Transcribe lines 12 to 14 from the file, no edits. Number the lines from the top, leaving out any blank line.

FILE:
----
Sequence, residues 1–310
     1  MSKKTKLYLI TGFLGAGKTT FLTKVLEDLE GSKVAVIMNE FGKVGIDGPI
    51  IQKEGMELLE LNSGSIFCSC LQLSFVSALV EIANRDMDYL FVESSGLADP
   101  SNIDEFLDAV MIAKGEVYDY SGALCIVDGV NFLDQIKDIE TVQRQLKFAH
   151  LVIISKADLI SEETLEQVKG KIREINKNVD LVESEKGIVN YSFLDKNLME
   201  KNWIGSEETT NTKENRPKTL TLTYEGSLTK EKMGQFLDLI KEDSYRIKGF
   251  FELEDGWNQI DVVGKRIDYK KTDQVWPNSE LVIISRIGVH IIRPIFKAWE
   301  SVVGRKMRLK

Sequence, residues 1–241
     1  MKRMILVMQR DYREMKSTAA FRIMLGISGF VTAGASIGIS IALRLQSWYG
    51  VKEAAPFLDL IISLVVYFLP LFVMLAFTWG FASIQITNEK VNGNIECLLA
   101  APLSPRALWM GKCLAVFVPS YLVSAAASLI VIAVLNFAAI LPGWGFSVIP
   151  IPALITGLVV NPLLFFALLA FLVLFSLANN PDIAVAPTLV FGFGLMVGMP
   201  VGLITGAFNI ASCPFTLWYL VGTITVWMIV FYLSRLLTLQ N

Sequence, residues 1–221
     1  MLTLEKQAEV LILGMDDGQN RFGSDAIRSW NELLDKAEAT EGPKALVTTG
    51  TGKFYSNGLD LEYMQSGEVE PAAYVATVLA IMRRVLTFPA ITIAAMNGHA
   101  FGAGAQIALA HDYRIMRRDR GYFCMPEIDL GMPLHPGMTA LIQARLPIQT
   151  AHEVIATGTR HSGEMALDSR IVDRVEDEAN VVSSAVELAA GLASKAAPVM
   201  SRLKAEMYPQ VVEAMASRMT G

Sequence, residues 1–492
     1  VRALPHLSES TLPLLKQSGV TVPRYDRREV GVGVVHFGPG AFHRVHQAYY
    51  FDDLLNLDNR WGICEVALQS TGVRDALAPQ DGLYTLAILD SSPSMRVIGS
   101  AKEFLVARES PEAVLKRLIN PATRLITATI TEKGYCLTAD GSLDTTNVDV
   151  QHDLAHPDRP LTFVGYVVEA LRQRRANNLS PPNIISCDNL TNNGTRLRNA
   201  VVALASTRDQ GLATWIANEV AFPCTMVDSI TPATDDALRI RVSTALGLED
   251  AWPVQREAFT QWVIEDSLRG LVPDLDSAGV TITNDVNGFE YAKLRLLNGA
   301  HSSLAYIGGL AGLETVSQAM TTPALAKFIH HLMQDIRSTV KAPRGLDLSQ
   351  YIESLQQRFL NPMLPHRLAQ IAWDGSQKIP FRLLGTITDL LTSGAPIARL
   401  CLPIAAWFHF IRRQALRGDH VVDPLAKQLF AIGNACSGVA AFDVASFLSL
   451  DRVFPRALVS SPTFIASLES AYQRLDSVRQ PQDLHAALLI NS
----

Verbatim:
   101  APLSPRALWM GKCLAVFVPS YLVSAAASLI VIAVLNFAAI LPGWGFSVIP
   151  IPALITGLVV NPLLFFALLA FLVLFSLANN PDIAVAPTLV FGFGLMVGMP
   201  VGLITGAFNI ASCPFTLWYL VGTITVWMIV FYLSRLLTLQ N